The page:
# Thread: y_c = ?

1. ## y_c = ?

I am VERY confused with this question. Firstly, whenever the coefficients are variables, I have no idea what to do. I'm thinking divide both sides by x^2 based on something I think I remember but I am really not sure and if that is what I am supposed to do, I'm guessing it would be to make the equation be in some form so I can do something to it but I really need someone to give me the specifics or at least give me the exact names of the methods to use with differential equations such as these which have variable coefficients.

Secondly, what does the subscript c in the final solution stand for and what does what it stands for mean? As for what a fundamental set of solutions is, all I know is that two solutions are said to form a fundamental set of solutions if and only if their Wronskian is nonzero.

I would so greatly appreciate it if someone could outline all the steps (any tedious calculations that have no significant theoretical aspect can be omitted) for me because I am having a lot of trouble.

2. ## Re: y_c = ?

Hint Use the substitution $\displaystyle y=vx$ and denote $\displaystyle z=v'$ . You'll obtain a simple first order equation on $\displaystyle z$ which allows to find $\displaystyle y_c$ .

3. ## Re: y_c = ? Originally Posted by FernandoRevilla Hint Use the substitution $\displaystyle y=vx$ and denote $\displaystyle z=v'$ . You'll obtain a simple first order equation on $\displaystyle z$ which allows to find $\displaystyle y_c$ .
A procedure known, at least in the States, as "Reduction of Order". To FernandoRevilla you listen!

4. ## Re: y_c = ? Originally Posted by Ackbeet A procedure known, at least in the States, as "Reduction of Order".
However, in Spain it is known as $\displaystyle \textrm{Reducci\'on\;del\;orden}$ . (Literally translated: Reduction of order) 5. ## Re: y_c = ?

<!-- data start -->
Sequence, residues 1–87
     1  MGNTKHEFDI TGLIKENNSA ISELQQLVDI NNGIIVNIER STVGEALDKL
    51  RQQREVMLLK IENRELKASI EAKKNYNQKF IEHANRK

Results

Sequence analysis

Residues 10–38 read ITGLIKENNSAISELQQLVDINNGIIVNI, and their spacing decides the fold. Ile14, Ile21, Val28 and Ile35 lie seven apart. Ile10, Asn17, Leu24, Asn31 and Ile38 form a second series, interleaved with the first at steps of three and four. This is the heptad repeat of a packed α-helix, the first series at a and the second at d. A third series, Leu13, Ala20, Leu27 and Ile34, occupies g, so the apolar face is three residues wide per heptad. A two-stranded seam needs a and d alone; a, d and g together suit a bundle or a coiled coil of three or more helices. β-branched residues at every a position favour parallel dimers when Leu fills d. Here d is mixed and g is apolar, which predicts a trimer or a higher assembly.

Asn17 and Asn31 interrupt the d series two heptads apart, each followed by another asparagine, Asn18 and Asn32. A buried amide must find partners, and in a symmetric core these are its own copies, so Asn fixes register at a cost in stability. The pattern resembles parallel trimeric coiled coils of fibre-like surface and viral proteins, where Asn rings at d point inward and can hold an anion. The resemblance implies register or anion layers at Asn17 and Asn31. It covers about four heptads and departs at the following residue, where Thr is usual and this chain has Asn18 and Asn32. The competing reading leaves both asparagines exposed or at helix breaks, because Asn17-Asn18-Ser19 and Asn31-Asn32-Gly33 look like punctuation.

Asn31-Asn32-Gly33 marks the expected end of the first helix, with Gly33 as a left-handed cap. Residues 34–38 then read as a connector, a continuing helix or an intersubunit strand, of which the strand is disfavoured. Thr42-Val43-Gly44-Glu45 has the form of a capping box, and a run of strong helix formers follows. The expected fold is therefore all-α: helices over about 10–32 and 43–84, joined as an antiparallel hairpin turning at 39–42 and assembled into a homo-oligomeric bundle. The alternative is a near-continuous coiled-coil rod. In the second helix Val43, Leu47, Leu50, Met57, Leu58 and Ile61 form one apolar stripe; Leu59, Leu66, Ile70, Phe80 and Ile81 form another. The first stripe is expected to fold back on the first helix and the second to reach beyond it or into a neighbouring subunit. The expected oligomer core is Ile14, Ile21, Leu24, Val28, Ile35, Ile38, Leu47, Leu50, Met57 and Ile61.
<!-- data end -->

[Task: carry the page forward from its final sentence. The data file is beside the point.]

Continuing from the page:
Ok, I wanted more details than that but what you guys told me did help me know what to look for and I found this:

Pauls Online Notes : Differential Equations - Reduction of Order

and I get it now BUT the question I am asking here, seems to go further than what the link above is saying (as well as what you two are saying) and judging by something I read from my class textbook (which I find very difficult to understand), "fundamental set of solutions" implies Wronskian usage but I don't know what to do specifically and would appreciate further assistance.

For the reduction of order part, I get y_c(x) = y_2(x) = c_1 * e^(x^2 /2) + c_3 * x as the final answer where c_1 and c_3 are constants.

6. ## Re: y_c = ? Originally Posted by s3a For the reduction of order part, I get y_c(x) = y_2(x) = c_1 * e^(x^2 /2) + c_3 * x as the final answer where c_1 and c_3 are constants.
How so? What did you get for z = w' and z' = w'' ?

Just in case a picture helped with that... ... where (key in first spoiler) ...

Spoiler: ... is the product rule, straight lines differentiating downwards with respect to x.

Spoiler:

Divide the given equation through by a suitable power of x and you have the bottom row minus twice the middle row... Full size

Did you get that far (probably as a first order equation in z)?

(Remaining pictures I'll keep back, as you probably want to share your version.)

So integrate each section... Full size

... and you can separate variables...

Spoiler: where... (key in first spoiler)

Spoiler: ... is the chain rule. Straight continuous lines differentiate downwards (integrate up) with respect to the main variable (in this case x), and the straight dashed line similarly but with respect to the dashed balloon expression (the inner function of the composite which is subject to the chain rule).

Spoiler: Full size

And add the given solution to this one.

__________________________________________________ __________

Don't integrate - balloontegrate!

Balloon Calculus; standard integrals, derivatives and methods

Balloon Calculus Drawing with LaTeX and Asymptote!

7. ## Re: y_c = ?

I appreciate the pictures but I'm more of a variables and numbers kind of guy for most things and I get things like product rule, etc that you illustrated. My entire work is attached.

8. ## Re: y_c = ?

Here's the thing... 9. ## Re: y_c = ?

Thank you for finding that but I did it again starting from w' - 2w = 0 since all the other terms cancelled out so my previous mistake just required me to change:

x^2 * w' - 2x^3 * w = 0 to

w' - 2w = 0 (like mentioned above)

and I get it wrong again!

Could you tell me what it is that I am doing wrong this time?
Sorry I'm still relatively new to this.

10. ## Re: y_c = ?

Actually, I found yet another mistake but now I am stuck on the last step of the attached image.

11. ## Re: y_c = ?

Just algebra fatigue. What you had before... ... is fine with the power corrected, and does indeed give you

w' - 2w = 0

... and what's wrong with that? What's your solution as y = f(x)?